Sex, Soap and Silk: Japanese Businesswomen in North Queensland, 1887–1941

Abstract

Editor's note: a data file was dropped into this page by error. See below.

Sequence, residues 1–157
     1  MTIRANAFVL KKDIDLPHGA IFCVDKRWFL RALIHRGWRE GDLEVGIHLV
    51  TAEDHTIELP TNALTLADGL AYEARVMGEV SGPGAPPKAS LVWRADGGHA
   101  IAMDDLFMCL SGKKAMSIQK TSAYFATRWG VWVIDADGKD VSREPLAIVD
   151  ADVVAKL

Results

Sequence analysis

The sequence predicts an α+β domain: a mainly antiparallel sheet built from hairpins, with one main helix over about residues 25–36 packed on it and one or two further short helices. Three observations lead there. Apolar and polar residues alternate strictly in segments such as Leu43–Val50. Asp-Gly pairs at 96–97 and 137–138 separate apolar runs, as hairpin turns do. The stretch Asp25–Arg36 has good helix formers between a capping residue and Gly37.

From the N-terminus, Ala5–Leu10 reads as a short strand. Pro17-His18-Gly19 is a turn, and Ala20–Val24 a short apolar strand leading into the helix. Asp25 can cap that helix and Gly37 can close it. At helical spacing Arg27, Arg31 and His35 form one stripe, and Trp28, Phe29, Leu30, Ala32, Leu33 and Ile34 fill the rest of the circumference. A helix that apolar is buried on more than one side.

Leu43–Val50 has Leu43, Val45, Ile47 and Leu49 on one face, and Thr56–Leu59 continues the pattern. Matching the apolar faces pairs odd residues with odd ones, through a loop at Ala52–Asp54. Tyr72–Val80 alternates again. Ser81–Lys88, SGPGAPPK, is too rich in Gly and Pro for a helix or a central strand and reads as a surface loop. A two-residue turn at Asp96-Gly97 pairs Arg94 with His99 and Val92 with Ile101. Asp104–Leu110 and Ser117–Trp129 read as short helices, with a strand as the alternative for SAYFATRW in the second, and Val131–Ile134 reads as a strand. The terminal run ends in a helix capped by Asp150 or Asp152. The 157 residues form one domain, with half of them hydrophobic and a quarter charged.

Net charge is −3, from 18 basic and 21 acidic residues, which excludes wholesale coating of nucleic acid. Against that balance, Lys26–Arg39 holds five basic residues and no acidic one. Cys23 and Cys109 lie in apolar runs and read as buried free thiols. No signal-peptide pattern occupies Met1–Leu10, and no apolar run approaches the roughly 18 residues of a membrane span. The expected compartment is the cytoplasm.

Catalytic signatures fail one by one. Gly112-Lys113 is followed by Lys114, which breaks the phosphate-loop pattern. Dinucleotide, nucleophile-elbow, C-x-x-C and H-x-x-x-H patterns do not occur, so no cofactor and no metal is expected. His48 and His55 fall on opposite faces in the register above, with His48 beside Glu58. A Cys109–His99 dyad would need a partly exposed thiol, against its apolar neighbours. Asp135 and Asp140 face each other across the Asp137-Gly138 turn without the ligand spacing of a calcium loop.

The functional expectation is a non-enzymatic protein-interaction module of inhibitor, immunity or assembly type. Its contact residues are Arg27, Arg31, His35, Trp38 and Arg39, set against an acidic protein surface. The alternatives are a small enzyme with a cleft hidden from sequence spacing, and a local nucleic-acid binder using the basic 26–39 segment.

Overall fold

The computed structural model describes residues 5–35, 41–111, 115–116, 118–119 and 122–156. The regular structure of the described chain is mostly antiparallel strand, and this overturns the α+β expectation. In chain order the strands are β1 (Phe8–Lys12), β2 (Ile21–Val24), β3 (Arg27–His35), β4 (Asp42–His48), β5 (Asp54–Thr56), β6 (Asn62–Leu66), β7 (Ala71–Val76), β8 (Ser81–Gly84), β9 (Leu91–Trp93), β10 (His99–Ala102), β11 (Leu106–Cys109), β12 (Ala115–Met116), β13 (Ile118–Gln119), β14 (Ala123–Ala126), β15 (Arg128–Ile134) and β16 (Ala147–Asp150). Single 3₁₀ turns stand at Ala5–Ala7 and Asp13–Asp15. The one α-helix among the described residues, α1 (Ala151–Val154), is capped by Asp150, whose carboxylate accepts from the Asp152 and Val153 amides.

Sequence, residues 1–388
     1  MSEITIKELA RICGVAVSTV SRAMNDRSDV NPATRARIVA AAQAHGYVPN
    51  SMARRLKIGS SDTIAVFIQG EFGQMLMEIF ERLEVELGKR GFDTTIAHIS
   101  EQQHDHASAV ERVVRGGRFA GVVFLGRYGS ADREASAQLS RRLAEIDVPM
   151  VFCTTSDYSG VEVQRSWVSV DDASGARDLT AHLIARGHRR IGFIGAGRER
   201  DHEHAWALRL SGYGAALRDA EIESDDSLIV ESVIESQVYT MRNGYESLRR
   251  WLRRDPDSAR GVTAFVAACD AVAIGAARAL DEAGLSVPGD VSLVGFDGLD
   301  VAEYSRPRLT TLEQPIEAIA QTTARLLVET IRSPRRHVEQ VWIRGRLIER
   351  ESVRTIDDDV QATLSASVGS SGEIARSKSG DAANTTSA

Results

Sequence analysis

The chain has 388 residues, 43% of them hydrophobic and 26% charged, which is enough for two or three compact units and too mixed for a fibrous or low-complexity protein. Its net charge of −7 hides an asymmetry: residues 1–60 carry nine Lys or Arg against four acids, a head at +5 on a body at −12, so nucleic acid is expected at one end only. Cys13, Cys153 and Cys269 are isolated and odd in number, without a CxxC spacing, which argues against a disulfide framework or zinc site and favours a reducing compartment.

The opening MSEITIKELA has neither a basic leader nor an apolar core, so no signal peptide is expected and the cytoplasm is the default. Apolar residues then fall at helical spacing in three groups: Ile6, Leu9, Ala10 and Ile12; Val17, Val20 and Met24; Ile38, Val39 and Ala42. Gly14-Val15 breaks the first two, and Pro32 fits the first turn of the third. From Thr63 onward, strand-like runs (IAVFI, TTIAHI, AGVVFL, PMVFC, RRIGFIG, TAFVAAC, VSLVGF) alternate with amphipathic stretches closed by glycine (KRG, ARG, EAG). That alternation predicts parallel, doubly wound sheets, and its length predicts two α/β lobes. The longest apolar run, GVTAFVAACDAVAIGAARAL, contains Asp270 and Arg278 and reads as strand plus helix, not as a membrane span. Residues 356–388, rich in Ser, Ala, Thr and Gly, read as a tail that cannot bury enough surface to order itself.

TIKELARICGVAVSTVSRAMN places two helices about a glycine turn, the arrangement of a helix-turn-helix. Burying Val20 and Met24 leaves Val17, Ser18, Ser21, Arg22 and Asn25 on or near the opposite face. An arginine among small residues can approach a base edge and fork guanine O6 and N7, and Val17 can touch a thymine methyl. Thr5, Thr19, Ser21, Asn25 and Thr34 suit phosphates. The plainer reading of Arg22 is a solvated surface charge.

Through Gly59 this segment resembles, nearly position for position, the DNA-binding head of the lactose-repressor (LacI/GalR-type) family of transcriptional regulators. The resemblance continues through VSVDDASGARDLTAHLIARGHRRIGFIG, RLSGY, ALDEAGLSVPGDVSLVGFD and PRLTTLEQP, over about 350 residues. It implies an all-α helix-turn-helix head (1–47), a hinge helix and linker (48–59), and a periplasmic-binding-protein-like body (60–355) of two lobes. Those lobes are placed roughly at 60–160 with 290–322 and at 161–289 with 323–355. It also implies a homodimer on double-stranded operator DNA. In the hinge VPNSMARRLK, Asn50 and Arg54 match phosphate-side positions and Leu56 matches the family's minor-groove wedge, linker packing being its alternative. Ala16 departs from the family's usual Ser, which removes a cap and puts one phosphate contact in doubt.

Few historians have considered Japanese women in northern Australia beyond their role as impoverished sex workers, overlooking their entrepreneurial activities in the sex industry as well as in laundries and shops. This article adds to research by Su-Jane Hunt (1977) and Yuriko Nagata (2004) about Japanese women who were entrepreneurs and community members in Western Australia and the Torres Strait, incorporating more detail about their business activities throughout north Queensland, both within the sex industry and outside it. A mosaic of newly accessible documentary sources—including newspaper, immigration and internment records—provides the foundation for a more complex history of Japanese women and their roles in the economic life of north Queensland between 1887 and 1941. This material reveals that Japanese women worked in partnership with their husbands, or sometimes as sole operators, to manage and run businesses such as brothels, laundries, stores and even cafes. Not all Japanese women were in business, but discussing those who undertook business activities invites us to cast aside the ‘moral suspicion’ that has loomed over these women’s stories. The reality of their lives was far more interesting

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